Have recent changes to procurement made conventional frameworks obsolete? Alan Heron, head of procurement at the Procurement Hub explains
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The world is changing at an ever-increasing pace, but are the procurement methods we use still fit for purpose?
The ubiquitous framework we all know was established almost 12 years ago, but in that time a lot has changed. In fact, the rate of change seems to be increasing almost daily. However for many organisations the framework is the only tool in the proverbial toolbox. We live in a period of huge uncertainty, and we need a range of solutions to deal with the challenges presented to us in the most intelligent and effective manner we can.
In a tempestuous sea of change we need a flexible, agile and intelligent procurement vehicle to navigate our way through. Although the trusted framework is sturdy, is it as agile and flexible as we need?
Frameworks were born in a time when we were still watching VHSs, social media was unheard of, a global financial crash was unthinkable, and no one would ever recognise the word ‘Brexit’. How quickly the world has changed, yet how many of us still think of the framework as the solution to any procurement problem? Are we living in the past? Is there an alternative? Is it time to write a eulogy for the framework?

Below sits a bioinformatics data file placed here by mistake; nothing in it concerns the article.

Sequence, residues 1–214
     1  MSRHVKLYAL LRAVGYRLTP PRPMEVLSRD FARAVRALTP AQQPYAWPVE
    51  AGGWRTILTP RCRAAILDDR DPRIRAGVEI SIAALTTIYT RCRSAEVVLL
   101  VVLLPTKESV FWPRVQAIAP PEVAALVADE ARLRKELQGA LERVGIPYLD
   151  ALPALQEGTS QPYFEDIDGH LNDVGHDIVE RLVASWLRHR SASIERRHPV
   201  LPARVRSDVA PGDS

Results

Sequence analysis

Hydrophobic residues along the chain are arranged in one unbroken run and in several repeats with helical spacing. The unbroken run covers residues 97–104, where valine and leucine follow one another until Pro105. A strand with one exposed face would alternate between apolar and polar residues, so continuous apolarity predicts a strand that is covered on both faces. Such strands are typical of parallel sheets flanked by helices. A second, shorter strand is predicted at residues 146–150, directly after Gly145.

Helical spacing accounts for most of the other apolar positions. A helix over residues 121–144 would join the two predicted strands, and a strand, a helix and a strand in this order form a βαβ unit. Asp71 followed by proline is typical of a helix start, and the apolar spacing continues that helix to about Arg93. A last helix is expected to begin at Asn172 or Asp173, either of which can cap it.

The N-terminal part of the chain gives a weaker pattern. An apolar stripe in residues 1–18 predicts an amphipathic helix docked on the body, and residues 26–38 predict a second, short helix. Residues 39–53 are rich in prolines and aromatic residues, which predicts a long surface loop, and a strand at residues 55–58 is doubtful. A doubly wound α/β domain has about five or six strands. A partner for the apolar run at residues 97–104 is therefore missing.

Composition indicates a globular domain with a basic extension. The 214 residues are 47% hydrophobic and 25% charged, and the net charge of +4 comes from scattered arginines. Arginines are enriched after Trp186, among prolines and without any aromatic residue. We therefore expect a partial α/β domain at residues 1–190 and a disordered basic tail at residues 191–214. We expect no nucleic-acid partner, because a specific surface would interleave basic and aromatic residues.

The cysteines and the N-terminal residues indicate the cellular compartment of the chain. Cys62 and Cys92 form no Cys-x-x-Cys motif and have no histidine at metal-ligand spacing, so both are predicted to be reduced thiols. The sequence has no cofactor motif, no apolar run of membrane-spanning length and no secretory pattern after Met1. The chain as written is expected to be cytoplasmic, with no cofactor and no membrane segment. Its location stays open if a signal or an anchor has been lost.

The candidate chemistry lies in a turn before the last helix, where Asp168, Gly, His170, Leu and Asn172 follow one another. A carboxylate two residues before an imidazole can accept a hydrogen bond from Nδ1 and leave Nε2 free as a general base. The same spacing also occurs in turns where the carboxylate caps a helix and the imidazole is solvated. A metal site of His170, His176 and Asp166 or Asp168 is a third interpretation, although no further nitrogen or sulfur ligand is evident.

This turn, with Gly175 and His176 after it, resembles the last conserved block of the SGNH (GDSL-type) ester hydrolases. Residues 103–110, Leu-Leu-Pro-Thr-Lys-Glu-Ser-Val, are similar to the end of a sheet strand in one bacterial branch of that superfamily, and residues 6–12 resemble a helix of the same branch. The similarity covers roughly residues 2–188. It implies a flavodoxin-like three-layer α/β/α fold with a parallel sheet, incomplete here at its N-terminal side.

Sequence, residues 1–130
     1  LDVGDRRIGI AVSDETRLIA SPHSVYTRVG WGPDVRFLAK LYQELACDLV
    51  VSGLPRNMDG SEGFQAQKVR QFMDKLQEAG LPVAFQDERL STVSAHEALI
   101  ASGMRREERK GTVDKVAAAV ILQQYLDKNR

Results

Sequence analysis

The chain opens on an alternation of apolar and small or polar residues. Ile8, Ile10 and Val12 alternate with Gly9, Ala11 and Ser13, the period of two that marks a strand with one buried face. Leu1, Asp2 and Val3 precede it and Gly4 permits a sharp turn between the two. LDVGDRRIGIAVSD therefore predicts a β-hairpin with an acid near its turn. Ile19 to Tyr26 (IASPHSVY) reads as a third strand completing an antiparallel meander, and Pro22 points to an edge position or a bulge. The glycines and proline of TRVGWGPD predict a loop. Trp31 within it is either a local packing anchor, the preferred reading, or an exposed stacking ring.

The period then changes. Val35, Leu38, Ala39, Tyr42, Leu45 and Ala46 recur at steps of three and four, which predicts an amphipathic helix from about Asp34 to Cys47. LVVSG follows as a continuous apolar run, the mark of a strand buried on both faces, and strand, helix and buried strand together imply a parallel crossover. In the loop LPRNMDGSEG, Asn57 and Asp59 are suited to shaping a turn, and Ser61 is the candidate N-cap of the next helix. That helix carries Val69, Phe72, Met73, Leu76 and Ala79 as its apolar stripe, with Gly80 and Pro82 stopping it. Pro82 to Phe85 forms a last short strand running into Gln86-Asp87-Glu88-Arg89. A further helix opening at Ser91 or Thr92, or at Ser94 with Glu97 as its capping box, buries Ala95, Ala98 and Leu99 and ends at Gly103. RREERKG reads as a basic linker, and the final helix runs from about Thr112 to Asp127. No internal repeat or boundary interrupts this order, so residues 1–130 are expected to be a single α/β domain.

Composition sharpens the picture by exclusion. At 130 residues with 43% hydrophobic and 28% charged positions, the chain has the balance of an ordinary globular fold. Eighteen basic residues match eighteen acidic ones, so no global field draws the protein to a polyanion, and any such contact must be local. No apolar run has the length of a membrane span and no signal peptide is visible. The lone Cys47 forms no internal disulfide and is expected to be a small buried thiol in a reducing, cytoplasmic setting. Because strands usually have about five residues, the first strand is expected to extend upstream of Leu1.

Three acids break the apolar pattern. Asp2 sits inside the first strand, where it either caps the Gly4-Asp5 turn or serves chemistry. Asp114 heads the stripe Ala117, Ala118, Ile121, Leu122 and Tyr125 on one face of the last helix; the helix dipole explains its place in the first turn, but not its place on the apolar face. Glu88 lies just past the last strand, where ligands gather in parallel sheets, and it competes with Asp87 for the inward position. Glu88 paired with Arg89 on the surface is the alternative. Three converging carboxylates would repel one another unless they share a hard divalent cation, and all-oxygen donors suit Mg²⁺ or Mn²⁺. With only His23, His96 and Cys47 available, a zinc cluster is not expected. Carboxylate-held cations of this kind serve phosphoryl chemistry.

We should constantly strive to challenge ourselves and our environment, or complacency takes hold. How confident are we that the procurement tools and techniques we use are the ‘best in class’, or the ‘most suited to the requirement’, or are they simply ‘what we have always used’?
Buried within the considerable changes introduced in the Public Contracts Regulations 2015 were some significant changes to a procurement platform called the Dynamic Purchasing System (DPS). The revised regulations of 2015 unshackled the DPS from prohibitive constraints and administrative red tape that had previously relegated it to being practically unusable. These cumbersome measures included a requirement to publish a new contract notice each time a new contract was intended to be let from the DPS, and a restrictive four-year limit (similar to that still in place for frameworks).
But what is a DPS, and how does it help us? A DPS is effectively similar to a framework apart from:
The flexibility of a DPS opens up myriad possibilities - better engagement with SMEs, more localised focus within procurement exercises, the flexibility to deal with complex environments and the opportunity to introduce new technologies and suppliers as the environment changes around us - all in a fully Official Journal of the European Union-compliant manner.
The DPS is no nearer a panacea than the framework is, but what is crucial is that for the first time in 12 years it provides us with choice.
No longer should we consider the framework as the only solution to procuring goods, services or works. While the framework may still be the most appropriate vehicle for some exercises, it is not the most appropriate for all.
At Procurement Hub, we fundamentally believe in challenging our environment and delivering innovation. That is the reason we have introduced a range of procurement solutions which comprise both frameworks and dynamic purchasing systems.
The framework may not be dead, but at long last it has competition.